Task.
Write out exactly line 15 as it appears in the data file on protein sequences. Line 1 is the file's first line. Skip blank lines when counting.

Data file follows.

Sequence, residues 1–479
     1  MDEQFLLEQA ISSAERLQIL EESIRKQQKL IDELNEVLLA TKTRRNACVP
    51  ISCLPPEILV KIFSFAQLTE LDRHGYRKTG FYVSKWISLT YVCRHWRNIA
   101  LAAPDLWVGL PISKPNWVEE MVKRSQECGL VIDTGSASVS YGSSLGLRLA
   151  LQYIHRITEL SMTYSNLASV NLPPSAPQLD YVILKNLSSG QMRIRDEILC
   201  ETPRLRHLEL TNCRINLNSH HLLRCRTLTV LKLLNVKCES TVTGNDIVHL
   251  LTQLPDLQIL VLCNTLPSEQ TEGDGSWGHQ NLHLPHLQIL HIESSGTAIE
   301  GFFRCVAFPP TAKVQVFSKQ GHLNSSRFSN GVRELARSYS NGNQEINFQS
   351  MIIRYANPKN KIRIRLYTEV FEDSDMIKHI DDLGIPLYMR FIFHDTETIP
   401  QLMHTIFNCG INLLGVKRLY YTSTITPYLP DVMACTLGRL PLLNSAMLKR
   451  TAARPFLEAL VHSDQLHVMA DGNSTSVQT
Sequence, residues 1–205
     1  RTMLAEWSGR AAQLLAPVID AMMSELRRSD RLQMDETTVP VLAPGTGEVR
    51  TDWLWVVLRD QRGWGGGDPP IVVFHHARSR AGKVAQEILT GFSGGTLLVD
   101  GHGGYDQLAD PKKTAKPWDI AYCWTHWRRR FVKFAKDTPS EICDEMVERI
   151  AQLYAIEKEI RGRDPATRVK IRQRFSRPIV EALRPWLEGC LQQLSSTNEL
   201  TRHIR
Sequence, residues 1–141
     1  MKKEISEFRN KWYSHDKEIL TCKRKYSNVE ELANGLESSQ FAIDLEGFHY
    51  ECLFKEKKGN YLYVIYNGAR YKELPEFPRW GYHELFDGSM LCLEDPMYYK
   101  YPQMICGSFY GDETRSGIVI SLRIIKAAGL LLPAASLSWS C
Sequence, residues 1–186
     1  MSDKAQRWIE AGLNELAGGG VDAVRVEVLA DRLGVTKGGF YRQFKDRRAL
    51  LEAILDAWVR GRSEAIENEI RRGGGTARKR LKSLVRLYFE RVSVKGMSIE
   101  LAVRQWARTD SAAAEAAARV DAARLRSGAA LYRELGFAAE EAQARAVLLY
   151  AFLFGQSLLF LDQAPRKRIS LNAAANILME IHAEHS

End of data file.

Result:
   101  GHGGYDQLAD PKKTAKPWDI AYCWTHWRRR FVKFAKDTPS EICDEMVERI